A Fear of Democracy Runs Through Liberalism

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How far do you agree that the character of Charles 1 is most important in understanding the King’s decision to rule without parliament in 1629?
By Andy Todd
Charles 1 was a stubborn, austere and arrogant king. He was also shy, young and inexperienced when he took to the throne in 1925 at the age of just 24. He suffered from a stutter which is seen as one of the main reasons why he was known as a poor communicator. Tying in with his supposedly weak character was something which made him even more arrogant and stubborn. This was his belief in Divine Right; a theory that was drilled in to him by his father King James 1 which meant that the God had blessed him so he could be a completely autocratic ruler. However, it’s not possible to believe that it was purely Charles’s personality which led to him resorting to personal rule on March 2, 1629.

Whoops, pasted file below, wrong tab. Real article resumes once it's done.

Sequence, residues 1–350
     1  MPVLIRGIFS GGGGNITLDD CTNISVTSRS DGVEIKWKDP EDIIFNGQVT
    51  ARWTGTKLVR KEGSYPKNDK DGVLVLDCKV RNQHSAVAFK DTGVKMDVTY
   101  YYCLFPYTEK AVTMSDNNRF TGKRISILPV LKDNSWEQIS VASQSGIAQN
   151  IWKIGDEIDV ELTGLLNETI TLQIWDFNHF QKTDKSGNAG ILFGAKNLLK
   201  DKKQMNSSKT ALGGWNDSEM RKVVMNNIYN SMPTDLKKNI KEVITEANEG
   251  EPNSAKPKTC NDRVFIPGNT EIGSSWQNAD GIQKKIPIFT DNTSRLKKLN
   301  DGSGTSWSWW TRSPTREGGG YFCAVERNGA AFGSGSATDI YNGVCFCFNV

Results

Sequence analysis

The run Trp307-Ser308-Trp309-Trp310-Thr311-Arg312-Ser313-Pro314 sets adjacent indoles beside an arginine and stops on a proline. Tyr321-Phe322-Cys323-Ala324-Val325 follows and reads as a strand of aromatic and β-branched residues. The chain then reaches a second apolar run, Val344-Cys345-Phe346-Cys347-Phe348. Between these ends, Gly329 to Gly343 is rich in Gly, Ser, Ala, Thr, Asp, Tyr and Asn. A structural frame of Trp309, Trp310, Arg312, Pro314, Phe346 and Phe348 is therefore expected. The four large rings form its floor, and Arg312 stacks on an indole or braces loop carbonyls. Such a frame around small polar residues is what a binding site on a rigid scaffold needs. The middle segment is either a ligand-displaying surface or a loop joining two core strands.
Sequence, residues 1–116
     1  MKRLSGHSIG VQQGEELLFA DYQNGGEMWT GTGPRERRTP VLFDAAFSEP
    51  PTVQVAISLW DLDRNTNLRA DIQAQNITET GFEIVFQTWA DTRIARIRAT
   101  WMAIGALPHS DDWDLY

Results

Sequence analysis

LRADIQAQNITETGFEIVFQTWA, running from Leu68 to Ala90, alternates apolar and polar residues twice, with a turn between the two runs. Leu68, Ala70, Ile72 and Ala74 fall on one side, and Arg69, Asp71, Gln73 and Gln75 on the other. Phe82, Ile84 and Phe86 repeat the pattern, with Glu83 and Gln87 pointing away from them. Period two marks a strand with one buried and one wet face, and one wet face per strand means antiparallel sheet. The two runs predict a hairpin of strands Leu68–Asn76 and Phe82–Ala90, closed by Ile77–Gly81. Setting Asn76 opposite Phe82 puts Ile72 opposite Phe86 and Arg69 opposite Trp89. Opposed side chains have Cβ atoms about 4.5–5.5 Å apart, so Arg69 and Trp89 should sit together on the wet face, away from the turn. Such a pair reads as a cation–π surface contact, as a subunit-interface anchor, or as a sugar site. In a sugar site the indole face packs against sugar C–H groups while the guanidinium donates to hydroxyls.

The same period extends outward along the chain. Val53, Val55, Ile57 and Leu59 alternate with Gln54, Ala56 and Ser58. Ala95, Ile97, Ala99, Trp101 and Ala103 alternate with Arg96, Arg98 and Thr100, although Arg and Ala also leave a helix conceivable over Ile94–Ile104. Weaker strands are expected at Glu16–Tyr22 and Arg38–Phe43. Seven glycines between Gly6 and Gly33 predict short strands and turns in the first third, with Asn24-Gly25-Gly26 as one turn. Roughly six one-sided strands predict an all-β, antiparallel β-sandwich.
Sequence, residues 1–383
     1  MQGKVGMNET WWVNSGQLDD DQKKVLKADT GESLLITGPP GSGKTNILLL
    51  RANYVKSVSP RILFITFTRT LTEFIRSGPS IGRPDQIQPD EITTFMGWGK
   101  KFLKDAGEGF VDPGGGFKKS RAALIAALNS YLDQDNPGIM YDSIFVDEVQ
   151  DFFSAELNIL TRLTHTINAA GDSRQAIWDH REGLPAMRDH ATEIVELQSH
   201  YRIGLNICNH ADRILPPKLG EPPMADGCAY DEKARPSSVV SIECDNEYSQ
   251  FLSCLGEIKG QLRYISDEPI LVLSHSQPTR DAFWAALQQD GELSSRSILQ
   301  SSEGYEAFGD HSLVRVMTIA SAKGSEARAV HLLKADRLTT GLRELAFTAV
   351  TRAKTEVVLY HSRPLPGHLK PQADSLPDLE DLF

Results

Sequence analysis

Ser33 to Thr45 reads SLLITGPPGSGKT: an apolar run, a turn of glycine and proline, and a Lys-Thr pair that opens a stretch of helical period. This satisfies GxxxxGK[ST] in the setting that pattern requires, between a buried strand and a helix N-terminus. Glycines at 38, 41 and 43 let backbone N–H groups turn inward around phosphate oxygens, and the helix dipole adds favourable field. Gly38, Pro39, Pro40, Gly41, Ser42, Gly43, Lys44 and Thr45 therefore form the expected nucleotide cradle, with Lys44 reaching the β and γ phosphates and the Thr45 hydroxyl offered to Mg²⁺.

Charles 1 was a very loyal person who was known to become very attached and very trusting of one or two particular people. This lead to him making the despised Duke of Buckingham is closest advisor, as the Duke had been very close to Charles’s father, Charles trusted him completely. However, the Duke led Charles into a disastrous foreign policy. In 1628, Sir Edward Coke stated that the Duke of Buckingham was ‘the cause of all our miseries’, ‘the cause of all evils the kingdom suffered, and an enemy to the public’. The Duke, in 1625, had led the Cadiz expedition to attack Spain. The army landed on the coast, got drunk, and had to be evacuated. On the way home many of the ships ran out of food and water, and many soldiers died. And in 1627 Buckingham encouraged Charles to declare war on France, while the war with Spain was still going on. Buckingham then led the lle de Ré expedition to relieve the Protestants of La Rochelle; however he was forced to retreat after heavy losses. So as you can see, Buckingham seemed to just lead…...

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